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Federal court denies injunction against EPA biofuel blending waivers

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Federal court denies injunction against EPA biofuel blending waivers

The U.S. Court of Appeals for the District of Columbia Circuit denied the Advanced Biofuels Association's motion for a temporary injunction to stop the U.S. Environmental Protection Agency from granting certain U.S. oil refiners exemptions from complying with the biofuel blending mandates of the federal Renewable Fuel Standard.

"Petitioner has not satisfied the stringent requirements for an injunction pending court review," the court wrote in a May 17 brief.

The EPA's Renewable Fuel Standard requires U.S. refiners to blend an increasing volume of biofuels, such as ethanol, into the transportation fuels they produce each year, escalating to 36 billion gallons by 2022.

Under the standard, companies that cannot meet the blending requirements must purchase credits known as renewable identification numbers to meet their blending obligations.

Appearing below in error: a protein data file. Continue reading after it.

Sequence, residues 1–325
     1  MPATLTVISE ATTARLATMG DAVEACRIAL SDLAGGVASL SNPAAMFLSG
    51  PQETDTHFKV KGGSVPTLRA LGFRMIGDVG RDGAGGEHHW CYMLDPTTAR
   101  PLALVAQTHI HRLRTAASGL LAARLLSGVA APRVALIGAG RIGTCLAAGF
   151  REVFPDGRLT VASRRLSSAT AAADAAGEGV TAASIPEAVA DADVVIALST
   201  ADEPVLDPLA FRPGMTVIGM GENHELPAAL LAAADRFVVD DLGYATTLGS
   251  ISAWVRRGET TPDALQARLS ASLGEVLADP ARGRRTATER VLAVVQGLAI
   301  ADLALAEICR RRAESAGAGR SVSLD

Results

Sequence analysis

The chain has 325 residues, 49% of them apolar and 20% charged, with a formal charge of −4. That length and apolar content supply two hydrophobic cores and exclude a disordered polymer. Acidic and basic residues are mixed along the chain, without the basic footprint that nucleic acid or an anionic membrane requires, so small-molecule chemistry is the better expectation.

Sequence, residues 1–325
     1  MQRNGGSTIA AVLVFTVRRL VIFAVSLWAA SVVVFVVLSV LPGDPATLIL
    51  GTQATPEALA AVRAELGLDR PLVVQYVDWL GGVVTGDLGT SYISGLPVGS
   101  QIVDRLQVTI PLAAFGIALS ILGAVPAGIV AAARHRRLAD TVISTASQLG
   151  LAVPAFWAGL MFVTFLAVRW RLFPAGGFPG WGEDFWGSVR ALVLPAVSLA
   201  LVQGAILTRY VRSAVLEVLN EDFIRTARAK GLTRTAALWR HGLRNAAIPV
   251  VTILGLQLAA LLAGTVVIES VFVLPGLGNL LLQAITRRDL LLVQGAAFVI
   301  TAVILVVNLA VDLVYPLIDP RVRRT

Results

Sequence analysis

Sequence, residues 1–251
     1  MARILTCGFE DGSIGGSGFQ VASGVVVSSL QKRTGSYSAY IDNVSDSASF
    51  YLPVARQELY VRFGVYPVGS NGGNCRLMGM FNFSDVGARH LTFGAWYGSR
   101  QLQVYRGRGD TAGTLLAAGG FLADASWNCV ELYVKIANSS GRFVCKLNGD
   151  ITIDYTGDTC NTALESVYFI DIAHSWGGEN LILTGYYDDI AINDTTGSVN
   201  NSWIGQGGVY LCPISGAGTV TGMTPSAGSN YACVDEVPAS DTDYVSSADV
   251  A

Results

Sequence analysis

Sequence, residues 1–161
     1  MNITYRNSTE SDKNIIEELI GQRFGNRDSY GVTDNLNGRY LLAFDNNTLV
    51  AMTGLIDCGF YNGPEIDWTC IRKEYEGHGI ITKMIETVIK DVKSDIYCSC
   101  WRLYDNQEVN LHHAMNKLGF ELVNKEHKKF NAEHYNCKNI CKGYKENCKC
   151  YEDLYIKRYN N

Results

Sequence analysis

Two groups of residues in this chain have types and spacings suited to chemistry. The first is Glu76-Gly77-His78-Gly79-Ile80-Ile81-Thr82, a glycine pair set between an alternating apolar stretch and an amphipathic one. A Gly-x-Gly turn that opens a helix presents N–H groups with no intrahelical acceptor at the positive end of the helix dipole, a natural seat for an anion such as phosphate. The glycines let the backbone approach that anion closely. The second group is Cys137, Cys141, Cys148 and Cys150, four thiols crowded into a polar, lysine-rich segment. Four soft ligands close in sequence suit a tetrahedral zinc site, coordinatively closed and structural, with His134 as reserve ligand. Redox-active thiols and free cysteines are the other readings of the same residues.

Federal law allows the EPA to grant hardship waivers to U.S. refiners with a capacity of less than 75,000 barrels per day.

The Advanced Biofuels Association, an industry advocacy group, filed suit in May 2018 challenging the EPA's process for granting the waivers. The association said in a news release that the number of exemptions granted for compliance years 2016 and 2017 had doubled from previous years and accused the agency of "granting these exemptions in an arbitrary and capricious manner to undisclosed parties behind closed doors with no accountability for its decision-making process."

The increased exemptions caused the price of renewable identification numbers to fall, it said, which disincentivized blending.

A coalition of U.S. ethanol industry groups said in a 2018 lawsuit that the EPA overstepped its authority by granting relief to profitable companies.